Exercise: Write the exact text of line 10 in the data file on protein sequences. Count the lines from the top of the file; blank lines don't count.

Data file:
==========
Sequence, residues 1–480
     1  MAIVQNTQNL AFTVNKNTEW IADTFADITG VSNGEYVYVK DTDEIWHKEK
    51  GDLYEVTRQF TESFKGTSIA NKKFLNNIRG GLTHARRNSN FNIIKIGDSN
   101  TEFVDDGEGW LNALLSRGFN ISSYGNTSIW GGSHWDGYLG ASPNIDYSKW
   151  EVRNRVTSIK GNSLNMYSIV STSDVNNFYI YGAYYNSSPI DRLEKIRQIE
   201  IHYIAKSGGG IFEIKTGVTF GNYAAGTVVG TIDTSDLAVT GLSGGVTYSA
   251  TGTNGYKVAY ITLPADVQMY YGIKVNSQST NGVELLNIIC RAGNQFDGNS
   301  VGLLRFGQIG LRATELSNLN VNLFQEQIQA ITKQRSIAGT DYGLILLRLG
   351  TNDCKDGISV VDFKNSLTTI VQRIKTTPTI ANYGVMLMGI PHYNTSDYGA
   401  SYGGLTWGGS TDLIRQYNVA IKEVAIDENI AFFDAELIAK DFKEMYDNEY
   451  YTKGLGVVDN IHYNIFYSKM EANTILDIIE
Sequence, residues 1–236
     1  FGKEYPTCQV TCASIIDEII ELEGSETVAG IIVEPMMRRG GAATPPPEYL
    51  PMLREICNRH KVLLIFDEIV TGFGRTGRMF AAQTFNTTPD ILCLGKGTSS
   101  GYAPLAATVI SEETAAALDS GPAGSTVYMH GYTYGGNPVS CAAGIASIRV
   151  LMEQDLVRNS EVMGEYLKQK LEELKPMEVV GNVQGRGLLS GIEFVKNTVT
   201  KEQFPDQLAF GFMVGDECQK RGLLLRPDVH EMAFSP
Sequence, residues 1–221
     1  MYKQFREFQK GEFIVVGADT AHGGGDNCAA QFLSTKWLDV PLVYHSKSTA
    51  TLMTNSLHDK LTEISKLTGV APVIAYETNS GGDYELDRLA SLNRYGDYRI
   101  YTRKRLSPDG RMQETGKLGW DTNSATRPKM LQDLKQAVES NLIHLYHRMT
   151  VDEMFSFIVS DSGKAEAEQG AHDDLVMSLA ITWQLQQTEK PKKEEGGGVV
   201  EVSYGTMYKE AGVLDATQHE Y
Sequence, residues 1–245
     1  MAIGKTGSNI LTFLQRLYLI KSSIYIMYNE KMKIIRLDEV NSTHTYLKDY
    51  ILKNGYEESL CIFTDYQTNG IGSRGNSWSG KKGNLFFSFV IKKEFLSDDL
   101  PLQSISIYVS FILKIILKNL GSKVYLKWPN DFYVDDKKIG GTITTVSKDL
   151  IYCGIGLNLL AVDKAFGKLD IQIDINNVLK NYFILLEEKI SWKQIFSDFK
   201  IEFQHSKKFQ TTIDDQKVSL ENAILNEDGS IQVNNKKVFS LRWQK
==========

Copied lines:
   401  SYGGLTWGGS TDLIRQYNVA IKEVAIDENI AFFDAELIAK DFKEMYDNEY